The Ashes at the Gabba: The best individual performances

Cheers matth,

The Ashes tour of 1993 really was a sliding doors moment for both of them. A great captain also being a specialist opening batsman didn’t help.

Hopefully your local weather will allow a good contest.

If this was 1928-29, 1936-37, 1946-47 or 1950-51, the pitch would be deemed playable no matter how wet !

The Ashes at the Gabba: The best individual performances

Cheers TLN,

Would be good to see an Eng team capable of fighting fire with fire. Larwood and Snow v Johnson and Thomson. Poor Cook and Butcher. Would really test Hayden’s capacity to bully opponents.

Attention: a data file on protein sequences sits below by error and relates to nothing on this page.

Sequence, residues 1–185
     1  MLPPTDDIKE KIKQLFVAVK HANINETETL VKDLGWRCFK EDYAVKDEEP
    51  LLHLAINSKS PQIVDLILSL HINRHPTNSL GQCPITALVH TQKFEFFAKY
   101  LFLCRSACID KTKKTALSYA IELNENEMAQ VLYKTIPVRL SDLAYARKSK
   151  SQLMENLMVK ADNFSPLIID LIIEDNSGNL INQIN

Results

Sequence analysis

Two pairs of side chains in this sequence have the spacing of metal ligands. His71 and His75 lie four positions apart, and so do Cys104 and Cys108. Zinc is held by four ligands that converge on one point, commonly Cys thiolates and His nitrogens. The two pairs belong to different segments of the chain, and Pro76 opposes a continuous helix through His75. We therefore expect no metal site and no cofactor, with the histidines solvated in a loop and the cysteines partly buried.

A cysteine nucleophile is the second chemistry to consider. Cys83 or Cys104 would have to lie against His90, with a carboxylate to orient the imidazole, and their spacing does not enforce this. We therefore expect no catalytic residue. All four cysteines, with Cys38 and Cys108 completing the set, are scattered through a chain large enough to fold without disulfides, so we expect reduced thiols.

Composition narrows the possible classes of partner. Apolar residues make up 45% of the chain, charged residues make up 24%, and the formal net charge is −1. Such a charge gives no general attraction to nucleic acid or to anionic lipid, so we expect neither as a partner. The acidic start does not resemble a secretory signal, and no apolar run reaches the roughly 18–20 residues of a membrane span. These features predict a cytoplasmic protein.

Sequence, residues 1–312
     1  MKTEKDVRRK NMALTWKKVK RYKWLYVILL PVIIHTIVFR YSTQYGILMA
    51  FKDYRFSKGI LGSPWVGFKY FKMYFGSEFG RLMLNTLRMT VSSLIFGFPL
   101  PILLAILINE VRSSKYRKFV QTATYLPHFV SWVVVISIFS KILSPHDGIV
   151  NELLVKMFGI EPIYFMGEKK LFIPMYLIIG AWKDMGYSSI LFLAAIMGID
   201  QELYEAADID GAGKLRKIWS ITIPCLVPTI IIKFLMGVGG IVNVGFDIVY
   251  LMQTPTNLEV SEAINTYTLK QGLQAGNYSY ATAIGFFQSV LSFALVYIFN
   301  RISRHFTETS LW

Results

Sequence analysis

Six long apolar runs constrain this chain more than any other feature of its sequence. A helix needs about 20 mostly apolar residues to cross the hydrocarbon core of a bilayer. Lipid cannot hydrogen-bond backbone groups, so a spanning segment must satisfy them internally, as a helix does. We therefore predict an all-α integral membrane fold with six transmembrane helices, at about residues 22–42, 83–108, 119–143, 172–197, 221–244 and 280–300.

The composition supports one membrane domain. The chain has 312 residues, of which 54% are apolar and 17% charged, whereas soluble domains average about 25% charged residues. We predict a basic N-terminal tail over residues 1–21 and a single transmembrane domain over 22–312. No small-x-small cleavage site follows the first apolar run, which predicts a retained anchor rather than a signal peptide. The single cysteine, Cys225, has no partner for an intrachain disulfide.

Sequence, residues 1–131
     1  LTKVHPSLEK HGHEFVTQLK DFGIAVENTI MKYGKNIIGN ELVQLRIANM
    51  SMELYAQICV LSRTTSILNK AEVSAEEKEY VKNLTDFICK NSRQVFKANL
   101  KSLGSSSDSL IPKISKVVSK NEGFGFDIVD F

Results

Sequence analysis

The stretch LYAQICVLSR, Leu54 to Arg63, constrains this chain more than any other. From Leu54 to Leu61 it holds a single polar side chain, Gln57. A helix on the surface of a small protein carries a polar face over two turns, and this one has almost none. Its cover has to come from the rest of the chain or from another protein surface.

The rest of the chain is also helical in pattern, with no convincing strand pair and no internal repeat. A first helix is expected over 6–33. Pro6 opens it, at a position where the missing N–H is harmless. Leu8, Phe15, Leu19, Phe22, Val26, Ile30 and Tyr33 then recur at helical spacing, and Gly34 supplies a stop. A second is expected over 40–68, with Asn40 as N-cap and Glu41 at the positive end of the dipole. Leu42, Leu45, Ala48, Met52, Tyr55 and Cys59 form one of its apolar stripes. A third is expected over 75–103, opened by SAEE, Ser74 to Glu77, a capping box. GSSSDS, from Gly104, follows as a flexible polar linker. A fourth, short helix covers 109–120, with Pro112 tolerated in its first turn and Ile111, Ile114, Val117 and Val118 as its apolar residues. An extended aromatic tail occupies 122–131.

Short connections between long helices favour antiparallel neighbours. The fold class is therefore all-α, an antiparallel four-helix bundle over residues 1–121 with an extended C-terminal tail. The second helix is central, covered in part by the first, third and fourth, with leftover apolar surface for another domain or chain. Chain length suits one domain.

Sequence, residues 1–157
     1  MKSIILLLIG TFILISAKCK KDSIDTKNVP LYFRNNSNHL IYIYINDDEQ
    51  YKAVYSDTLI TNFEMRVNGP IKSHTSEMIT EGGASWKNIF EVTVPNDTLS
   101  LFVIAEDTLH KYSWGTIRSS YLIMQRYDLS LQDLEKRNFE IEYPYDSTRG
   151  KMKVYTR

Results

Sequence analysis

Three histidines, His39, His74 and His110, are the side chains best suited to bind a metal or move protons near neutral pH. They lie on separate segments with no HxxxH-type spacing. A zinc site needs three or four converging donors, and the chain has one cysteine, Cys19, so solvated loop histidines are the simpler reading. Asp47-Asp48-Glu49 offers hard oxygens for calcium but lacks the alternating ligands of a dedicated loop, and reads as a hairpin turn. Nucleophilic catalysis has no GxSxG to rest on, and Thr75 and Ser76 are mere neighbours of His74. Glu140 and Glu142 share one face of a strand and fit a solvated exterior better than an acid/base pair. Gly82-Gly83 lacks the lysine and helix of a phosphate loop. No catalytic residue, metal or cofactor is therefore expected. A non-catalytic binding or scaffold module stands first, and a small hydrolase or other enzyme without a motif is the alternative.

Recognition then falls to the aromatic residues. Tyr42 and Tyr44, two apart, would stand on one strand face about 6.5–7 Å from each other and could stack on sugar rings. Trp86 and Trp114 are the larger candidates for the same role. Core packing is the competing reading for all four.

The Ashes at the Gabba: The best individual performances

Cheers bm,

Still a work in progress, I think. Slater debuted in 1993, McGrath in 1993-94, Taylor became captain in 1994-95, Gillespie arrived in 1996-97. So until McGrath and Warne became dominant, bowlers like Fleming and Julian had to take the new ball supporting McDermott.

The Ashes at the Gabba: The best individual performances

Cheers Micko,

May and Warne played together nine times in Australia, over three seasons 1992/93-1994/95. So at least half the time. Everywhere except Perth. The first time was that 1-run loss to the WI in Adelaide.

Merv Hughes was on the way out, Glenn McGrath had only just arrived, and Damien Fleming or Paul Reiffel didn’t always make the final 11. Jason Gillespie and Brett Lee were still a few years away.